One of the primary problem solving strategies we use at the Math Forum is “noticing and wondering”. This method reminded me of a certain page in the history of science. In 1928, British mathematician Paul Dirac derived an equation that modeled Einstein’s special relativity in terms of quantum mechanics.

In the plainest English I can use, this equation models the wave-like behavior of subatomic particles while applying Einstein’s famous E=mc² theory, where c is the speed of light. Schrödinger’s  ψ(x,t) describes the probabilistic motion of a subatomic particle along a given distance a particular time frame. The constant h is Planck’s constant, which is a fundamental constant in physics which describes proportion between the energy of a particle and the wavelength of its wave-like behavior. Dirac’s contribution in this case is in the Beta, Alpha and P variables. The P variables refer to a 1×3 matrix of a particles momentum in three axes. he Alpha and Beta variables actually relate to a 4×4 matrix, composed of the possible “spin” of an electron and a “negative energy” component of the same electrons.

(Science note: Spin is an inherent property of most particles that works a lot like angular momentum)

At the time, Dirac was satisfied with his alignment of relativity and quantum mechanics, and published his findings and proofs without further delving into the implications of the “extraneous” data created by the matrices involved. He posited that the negative energy component in the matrices were “holes” in a field of electrons, because empty space is technically more positively charged than an electron. Dirac wanted to write this off as a proton, but since momentum was involved, the “other” particle would need to be the same mass. Though, Dirac’s ultimate objective was to unify relativity, Quantum Mechanics and spin and he was unable to explain or prove that the “negative energy” electrons were just holes in space. By answering one question, Dirac opened up another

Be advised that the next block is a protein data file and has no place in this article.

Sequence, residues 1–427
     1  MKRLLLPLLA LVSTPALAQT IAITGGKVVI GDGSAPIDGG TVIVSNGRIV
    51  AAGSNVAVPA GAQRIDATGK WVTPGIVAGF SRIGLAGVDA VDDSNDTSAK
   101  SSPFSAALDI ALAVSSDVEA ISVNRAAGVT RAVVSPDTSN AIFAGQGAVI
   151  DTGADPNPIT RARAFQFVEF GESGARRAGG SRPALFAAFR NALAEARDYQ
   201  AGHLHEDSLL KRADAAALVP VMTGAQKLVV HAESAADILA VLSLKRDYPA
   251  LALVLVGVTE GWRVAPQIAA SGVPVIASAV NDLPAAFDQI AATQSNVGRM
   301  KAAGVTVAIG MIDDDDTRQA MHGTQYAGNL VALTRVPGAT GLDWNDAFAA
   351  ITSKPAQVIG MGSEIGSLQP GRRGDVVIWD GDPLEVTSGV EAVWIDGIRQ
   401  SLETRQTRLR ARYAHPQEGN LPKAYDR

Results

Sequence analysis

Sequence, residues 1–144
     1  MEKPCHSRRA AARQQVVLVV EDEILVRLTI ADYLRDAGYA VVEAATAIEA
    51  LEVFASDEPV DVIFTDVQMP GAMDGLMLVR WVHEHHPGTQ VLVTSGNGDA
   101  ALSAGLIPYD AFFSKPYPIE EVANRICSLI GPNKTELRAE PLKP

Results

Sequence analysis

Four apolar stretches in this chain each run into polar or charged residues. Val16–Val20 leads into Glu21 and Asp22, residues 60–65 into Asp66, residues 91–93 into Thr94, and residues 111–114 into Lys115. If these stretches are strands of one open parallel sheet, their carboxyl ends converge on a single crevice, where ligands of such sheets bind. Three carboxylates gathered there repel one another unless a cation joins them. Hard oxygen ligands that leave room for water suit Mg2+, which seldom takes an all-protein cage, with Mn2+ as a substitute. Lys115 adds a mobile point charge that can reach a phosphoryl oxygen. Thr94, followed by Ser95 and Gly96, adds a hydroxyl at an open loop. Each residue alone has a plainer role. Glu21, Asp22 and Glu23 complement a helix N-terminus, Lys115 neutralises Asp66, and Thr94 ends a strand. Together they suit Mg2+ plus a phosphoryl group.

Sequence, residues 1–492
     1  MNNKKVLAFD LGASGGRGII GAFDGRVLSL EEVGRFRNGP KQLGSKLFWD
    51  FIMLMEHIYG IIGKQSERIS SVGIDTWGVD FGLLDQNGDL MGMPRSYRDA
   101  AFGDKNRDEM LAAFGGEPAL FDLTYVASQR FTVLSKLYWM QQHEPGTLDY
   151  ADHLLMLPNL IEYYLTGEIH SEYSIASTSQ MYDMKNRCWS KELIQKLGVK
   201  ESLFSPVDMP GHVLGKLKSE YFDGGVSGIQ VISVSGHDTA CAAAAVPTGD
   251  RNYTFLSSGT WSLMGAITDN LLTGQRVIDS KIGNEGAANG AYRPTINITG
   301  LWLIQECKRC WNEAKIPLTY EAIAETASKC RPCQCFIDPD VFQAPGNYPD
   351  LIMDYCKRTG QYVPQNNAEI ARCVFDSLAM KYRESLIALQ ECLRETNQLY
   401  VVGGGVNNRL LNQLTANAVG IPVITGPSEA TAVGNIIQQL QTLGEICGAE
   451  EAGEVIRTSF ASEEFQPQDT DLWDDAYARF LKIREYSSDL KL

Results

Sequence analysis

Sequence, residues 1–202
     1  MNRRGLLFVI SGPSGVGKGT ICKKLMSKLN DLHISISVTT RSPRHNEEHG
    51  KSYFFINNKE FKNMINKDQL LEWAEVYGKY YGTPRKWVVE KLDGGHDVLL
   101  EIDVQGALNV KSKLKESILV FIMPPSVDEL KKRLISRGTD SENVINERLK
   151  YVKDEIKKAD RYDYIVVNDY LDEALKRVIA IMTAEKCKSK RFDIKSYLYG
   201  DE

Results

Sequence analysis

Perhaps if he “noticed and wondered” he might have come to the conclusion that the specifics of his mathematics implied that an entirely new class of matter exists. It wasn’t until 1932 that the implications of Dirac’s extraneous solutions were characterized in an experiment. Using a device known as a cloud chamber in a strong magnetic field, Carl D. Anderson observed electron-like particles moving counter-intuitively. The only way he could explain this phenomenon was that these were positively charged electron, which he dubbed positrons. (Clever.) This was the first recorded observation of Anti-matter!

(Historical note: Carl D. Anderson wasn’t the first to observe this behavior, Chung-Yao Chao had observed it in a similar experiment three years earlier, but he never followed up on the phenomenon. Though, Anderson mentioned Chao’s findings in his report. How considerate of him!)

Though the equation here isn’t so simple, looking deep into the meanings of mathematical statements and operations can lead to great discoveries. Every time you write an equation or function, you’re writing much more than you think. Behind every rule and formula, there are pages and pages of proofs and expanded fundamentals of mathematics. Even in well known mathematical machinery, there may still be mysteries to unlock. Noticing something strange in one of our PoWs probably won’t turn the world of physics on it’s head, but it might get your work published on the internet. It’s good practice for when you eventually come across something hidden in the math.